69. The slowness in voting might also be within your browser. As mentioned in their forum, the voting tool can use a lot of your browser’s processing time so it’s not a good idea to leave their site visible for long nor to embed the voting tool in a site.

  70. Jeff Alberts (19:03:15) :
    Ron de Haan (15:59:40) :
    I just voted as well without any problems.
    I only found out WUWT is loosing ground and now leads only by approx. 2.500 votes.
    wattsupwiththat?
    I’m assuming you mean 2500 votes. Still, “only”?”
    Yes, and now it’s only approx. 2000 votes.
    wattsupwiththat? I want Anthony to win!

  71. Wait… so Nichole is ANTI-liberal AND *FOR* global warming? That’s a new mix.
    I thought the anti-liberals were typically the deniers. (on pretty much ANY issue — “Nothing to see here folks, everything is just like it always is… move along”)

  72. you’re all most welcome.
    global climate change is irrelevant when the cost, both human and $ of the oil wars in the middle east are taken into account.
    you don’t call political science “science?” well alrighty then. ~snip~
    to prove that the theory of global climate change is false, one must time travel to the future 1000 years and check the weather. until then, you ought to allow the scientific consensus to determine policy matters. science works by consensus. ~snip~
    i punctuate. my grammar is most fine. as is my spelling. i feel no need to reach for the shift key, but you can rest assured that i am aware of it’s existence and purpose.
    ~toodles~

  73. nichole.
    I doubt you will be back to see this but I couldn’t let it rest.
    Yep – popularity contests are fun. Just that. Sounds like something you haven’t experienced for a while.
    Policy that harms me, my children and their future children based on a hypothesis whose adherents refuse, or are unable, to produce evidence that said hypothesis is anything to worry about let alone cripple nations and economies in advance for and attempt to cut me out of debating it, will draw my attention, my ire and my protestations.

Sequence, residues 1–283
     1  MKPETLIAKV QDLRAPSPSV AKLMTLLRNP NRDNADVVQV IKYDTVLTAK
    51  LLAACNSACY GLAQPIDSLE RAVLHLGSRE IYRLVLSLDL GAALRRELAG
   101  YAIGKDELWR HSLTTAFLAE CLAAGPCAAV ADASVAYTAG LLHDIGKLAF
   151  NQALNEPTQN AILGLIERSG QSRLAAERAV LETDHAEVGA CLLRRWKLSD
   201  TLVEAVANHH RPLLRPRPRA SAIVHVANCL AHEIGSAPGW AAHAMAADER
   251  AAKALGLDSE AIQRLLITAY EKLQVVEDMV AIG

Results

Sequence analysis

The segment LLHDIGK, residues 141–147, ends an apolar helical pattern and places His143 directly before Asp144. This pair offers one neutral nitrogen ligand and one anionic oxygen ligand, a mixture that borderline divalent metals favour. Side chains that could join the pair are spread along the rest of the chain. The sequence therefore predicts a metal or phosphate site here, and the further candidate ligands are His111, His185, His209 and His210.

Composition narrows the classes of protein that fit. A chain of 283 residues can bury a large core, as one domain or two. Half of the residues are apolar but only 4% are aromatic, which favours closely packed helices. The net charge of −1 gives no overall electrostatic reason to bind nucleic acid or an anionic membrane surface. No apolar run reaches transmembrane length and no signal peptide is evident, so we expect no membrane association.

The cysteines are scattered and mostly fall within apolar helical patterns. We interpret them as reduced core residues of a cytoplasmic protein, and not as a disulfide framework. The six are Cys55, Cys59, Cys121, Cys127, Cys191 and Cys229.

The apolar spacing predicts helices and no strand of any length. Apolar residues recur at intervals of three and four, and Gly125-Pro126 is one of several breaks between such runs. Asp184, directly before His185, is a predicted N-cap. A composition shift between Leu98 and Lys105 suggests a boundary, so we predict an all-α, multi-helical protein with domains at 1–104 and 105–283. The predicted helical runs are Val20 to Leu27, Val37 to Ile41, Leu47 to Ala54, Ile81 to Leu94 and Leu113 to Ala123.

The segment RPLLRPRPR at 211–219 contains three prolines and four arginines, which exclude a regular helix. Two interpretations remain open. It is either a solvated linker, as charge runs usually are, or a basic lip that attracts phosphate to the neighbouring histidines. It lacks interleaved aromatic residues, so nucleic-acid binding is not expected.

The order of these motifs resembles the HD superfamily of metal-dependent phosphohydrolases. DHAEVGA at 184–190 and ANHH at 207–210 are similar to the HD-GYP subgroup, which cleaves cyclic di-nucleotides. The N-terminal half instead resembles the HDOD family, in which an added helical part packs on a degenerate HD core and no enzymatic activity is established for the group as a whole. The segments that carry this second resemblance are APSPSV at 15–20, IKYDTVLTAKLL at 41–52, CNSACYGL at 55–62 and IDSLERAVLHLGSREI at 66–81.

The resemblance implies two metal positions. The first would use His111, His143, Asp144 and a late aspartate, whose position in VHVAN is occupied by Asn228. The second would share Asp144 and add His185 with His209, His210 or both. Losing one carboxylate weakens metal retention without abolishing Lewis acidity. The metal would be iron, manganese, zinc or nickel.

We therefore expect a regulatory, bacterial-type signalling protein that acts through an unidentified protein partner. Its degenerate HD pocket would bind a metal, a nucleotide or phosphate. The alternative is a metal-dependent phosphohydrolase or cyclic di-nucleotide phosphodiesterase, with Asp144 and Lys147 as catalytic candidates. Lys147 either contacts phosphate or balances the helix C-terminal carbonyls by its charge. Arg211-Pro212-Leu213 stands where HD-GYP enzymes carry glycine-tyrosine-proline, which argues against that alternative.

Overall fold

The US policy of draining foreign oil reserves first, whilst purchasing and transporting them is cheap, and leaving closer-to-home reserves untouched – for whatever reasons – has NOTHING to do with the aforementioned scam, sorry, agenda, sorry, hypothesis, however much the little green monsters would like to teleconnect the two.
    If anyone believes this to be a rant, you obviously haven’t seen me angry 😉
    I am not done.

  74. Hey Anthony,
    Maybe we do not talk about the climate of the Middle East enough. I have been reading up theories concerning an ice age “Wet Sahara” and middle east. It would be great to get some inside from a meterologist on how climate change can effect the Hedley and Ferrell cells causing wet Westerlies to shift South into regions that are now dry.
    Religion aside, the Bible is the only book that I know of that describes the climate at the end of the Ice Age.
    REPLY: Nice try, not going there. – Anthony

  75. oh, and my name most certainly has an “h” in it? spell it right if you feel the need to criticize me?

  76. “I never thought I’d see a post like today on Pharyngula.”
    Anthony, this is just proves that you are not well acquainted with Mr. Myers. His infantile diatribes are well known in biology circles. Unfortunate that he brings this level of “debate” to the climate issue as well.
    I am not 100% certain that anything funny is going on with the voting, but we do know that Mr. Myers and his fawning admirers are willing to stoop in order to get the “right” result. Therefore, I am skeptical about the source of the gains they are making.
    Casting a vote for WUWT now . . .

  77. I’d caution everyone on this thread that just because taunts and insults are being levied, it does not automatically grant free license to descend to that level here. – Anthony

  78. Oh, and Myers apparently suspects voters for WUWT of fraud:
    I suspect that a lot of the votes for that ghastly Watt site and its mob of denialist fanatics are machine-generated, but I doubt that they’ll be disclosed.